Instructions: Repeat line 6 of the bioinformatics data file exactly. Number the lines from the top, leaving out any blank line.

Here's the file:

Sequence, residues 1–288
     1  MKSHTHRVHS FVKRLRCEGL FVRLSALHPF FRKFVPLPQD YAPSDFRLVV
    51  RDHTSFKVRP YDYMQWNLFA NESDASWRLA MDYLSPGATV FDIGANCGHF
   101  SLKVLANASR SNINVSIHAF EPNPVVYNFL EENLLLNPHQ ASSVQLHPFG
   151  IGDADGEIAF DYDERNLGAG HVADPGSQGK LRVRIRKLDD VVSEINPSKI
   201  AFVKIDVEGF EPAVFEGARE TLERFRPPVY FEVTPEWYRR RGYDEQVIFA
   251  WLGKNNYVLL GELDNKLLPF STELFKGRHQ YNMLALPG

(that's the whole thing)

   201  AFVKIDVEGF EPAVFEGARE TLERFRPPVY FEVTPEWYRR RGYDEQVIFA